Luckily, David sold his final shares before the SEC stepped in. “Unlike some investors, I wasn’t burned by the suspension,” he says. “I was burned by the stock’s price decline before that.” When he noticed his investment faltering in March, David started thoroughly researching FusionPharm. “Since I was now trading for a living, I had time to do that,” he said. “A regular investor might not.” And he quickly discovered glaring issues with the company’s public image.
First, although Dittman said in his YouTube interview that the company planned to undergo auditing, FusionPharm filed a disclosure statement on March 31 indicating it had no auditor or accountant. In fact, Dittman, an ex-CPA, handles FusionPharm’s financial documents himself, according to an attorney letter from December 2013. Worse, OTCMarket’s banned the company’s legal counsel, Guy-Jean Pierre, in 2010, and the SEC later charged him with issuing fraudulent attorney opinion letters that resulted in more than 70 million shares of microcap stock becoming available for unrestricted trading.
On June 2, a few days after FusionPharm’s trading reinstatement, the company released a document explaining the origins of the SEC’s investigation: failure to disclose the company’s relationship with Williams Sears, Dittman’s brother-in-law. Sears is an officer at two companies, Vertifresh and Meadpoint Ventures, with which FusionPharm has done considerable business. In 2007, Sears pleaded guilty to federal charges involving securities fraud and bribery. He and his wife encouraged their clients, many of whom were retired, to invest substantial amounts of their savings in high-risk securities while failing to disclose that obvious risk, according to the SEC’s complaint.
“If you’re a small company, and the people involved have a history of stock scamming,” David says, “I don’t think they have the best interests of their investors in mind.” The company’s press release also mentions that as part of the investigation for potential securities law violations, the federal authorities raided FusionPharm on March 16, seizing records, computers, and about $US200,000 in funds from the company’s bank accounts. “It’s not a good company,” David adds.
Dittman declined to comment.
The Trouble With Penny Stocks
Many of the other marijuana microcap stocks have similar characteristics to FusionPharm. “If you look at some of these companies, it’s ridiculous,” Hamilton says. “You have undisclosed promoters, you have bad actors, you have felons, you have securities violations. And investors don’t know about any of that.”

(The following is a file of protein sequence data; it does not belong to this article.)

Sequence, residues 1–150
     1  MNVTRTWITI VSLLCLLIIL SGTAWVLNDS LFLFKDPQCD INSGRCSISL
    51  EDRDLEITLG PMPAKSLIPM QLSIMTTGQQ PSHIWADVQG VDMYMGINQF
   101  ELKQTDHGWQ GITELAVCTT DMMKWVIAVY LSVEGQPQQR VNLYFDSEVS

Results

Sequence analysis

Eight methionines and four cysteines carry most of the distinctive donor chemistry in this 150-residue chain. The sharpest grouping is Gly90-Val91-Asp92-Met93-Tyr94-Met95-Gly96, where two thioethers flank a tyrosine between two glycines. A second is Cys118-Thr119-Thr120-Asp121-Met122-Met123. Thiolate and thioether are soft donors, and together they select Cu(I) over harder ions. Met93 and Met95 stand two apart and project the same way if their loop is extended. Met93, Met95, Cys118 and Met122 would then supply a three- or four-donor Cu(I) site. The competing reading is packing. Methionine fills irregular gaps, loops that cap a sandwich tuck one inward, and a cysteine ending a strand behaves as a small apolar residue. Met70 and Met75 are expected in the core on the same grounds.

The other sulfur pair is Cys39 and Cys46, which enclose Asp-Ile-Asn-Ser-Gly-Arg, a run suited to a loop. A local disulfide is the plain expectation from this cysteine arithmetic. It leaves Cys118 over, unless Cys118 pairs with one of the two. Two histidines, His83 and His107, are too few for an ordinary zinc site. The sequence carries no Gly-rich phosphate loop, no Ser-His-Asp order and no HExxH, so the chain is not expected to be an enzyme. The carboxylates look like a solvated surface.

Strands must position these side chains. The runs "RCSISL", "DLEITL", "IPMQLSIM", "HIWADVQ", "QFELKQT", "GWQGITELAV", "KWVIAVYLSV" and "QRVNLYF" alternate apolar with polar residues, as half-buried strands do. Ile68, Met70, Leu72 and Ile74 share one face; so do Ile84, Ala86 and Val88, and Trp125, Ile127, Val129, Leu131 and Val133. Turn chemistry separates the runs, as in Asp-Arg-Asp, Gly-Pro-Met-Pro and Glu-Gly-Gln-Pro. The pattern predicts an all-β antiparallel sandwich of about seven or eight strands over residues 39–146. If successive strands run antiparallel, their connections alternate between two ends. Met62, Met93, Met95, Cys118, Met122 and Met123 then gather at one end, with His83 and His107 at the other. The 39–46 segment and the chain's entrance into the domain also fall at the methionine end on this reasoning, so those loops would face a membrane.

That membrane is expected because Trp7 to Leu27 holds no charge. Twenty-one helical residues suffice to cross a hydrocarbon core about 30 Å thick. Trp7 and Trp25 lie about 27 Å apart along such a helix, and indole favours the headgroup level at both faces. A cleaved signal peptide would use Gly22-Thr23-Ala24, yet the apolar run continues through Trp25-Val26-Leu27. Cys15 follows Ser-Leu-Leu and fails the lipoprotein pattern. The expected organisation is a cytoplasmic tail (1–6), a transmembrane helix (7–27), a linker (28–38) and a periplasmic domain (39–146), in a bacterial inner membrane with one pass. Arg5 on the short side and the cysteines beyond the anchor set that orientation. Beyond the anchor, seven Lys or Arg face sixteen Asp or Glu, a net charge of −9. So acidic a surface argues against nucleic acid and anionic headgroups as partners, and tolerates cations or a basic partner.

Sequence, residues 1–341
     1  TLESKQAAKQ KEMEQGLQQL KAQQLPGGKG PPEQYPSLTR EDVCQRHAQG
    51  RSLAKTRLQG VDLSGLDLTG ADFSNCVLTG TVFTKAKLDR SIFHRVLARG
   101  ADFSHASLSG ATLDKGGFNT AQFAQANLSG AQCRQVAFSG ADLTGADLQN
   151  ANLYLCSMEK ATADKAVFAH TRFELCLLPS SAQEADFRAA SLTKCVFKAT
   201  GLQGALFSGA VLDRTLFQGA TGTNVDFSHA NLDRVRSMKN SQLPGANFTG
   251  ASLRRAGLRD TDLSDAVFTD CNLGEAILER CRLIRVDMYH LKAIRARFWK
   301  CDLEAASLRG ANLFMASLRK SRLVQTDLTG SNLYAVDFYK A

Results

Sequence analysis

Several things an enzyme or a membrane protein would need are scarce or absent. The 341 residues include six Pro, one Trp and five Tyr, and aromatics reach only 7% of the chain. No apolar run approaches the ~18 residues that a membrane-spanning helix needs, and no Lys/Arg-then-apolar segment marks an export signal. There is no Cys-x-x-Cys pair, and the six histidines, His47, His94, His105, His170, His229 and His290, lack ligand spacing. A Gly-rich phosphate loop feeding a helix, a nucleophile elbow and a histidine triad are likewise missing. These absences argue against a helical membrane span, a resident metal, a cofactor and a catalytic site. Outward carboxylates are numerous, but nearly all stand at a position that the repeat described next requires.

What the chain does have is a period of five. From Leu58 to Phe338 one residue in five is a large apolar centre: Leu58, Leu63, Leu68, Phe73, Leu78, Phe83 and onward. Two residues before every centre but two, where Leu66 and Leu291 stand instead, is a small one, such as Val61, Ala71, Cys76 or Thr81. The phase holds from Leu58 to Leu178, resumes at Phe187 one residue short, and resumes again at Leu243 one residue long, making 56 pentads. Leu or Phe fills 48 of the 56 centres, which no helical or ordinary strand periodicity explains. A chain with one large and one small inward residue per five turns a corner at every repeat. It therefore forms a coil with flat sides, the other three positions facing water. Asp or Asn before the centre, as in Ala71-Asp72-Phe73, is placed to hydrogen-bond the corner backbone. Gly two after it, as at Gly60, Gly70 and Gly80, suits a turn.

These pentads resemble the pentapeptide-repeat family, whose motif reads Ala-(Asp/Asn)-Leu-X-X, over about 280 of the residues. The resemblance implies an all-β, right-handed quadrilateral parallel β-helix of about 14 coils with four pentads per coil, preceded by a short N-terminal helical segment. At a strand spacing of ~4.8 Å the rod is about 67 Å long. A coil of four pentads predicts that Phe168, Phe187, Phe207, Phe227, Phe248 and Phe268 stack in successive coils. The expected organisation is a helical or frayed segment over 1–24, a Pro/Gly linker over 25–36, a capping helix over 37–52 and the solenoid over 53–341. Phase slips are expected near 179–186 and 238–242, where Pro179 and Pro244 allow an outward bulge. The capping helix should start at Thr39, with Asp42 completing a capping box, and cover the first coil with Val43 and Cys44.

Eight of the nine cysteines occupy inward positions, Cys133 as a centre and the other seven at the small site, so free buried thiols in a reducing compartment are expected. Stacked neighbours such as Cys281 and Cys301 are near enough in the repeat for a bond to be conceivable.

Part of the reason involves the nature of penny stocks, which trade on over-the-counter systems, also known as the “Pink Sheets.” For stocks to trade on national exchanges, they must be registered with the SEC and meet other rigorous standards. The Pink Sheets are considerably more lenient. “The reporting requirements for the Pink Sheets are so low,” Peter Leeds, author of “Penny Stocks For Dummies,” tells Business Insider. “Almost anyone can get on them.”
Stock watchers also view corporate name changes as a red flag. On FusionPharm’s only SEC filing (an exemption), the company reports having no previous names. But in its March 2014 quarterly report, filed on OTC Markets, FusionPharm acknowledged having changed its name in 2011 from Baby Bee Bright Corp., which manufactured and sold prenatal audio systems. Indeed, according to FusionPharm’s OTC Markets profile, the company has changed its name four times since 1998.
As it happens, Baby Bee Bright itself grew out of Sequoia Interests Corp., which was involved in the oil and gas industry. Experts say that many marijuana-related companies had similar past incarnations in the mining and oil industries, which experienced booms of their own. “They say, ‘OK, now we’re consultants about cannabis,'” Leeds explains. “I wouldn’t say they’re making it up, but they’re taking advantage of a situation to get in on a hot craze.”
Screenshot via Amazon
Baby Bee Bright originated through a reverse merger, another manoeuvre that tends to raise eyebrows. During a reverse merger, a private company will, in essence, acquire an SEC-registered “shell” company with little or no operations to bypass the lengthy and complicated process of going public, according to Hamilton. “We call it wash, rinse, repeat,” she says. Under most circumstances, a company that plans to go public is required to file with the SEC and undergo a review. With a reverse merger, it can skip all that.
Some observers advocate closing this loophole. “The first thing the SEC could do is eliminate reverse mergers altogether,” says George Sharp, a known penny-stock investigator. In 2013, he sued Awesome Penny Stocks, a large email scam. The operation, which allegedly manipulated the prices of stocks, shut down in March after the SEC filed a civil complaint against it, Bloomberg reported. Sharp also readily exchanges research with Hamilton — as well as the SEC and FBI — on these companies.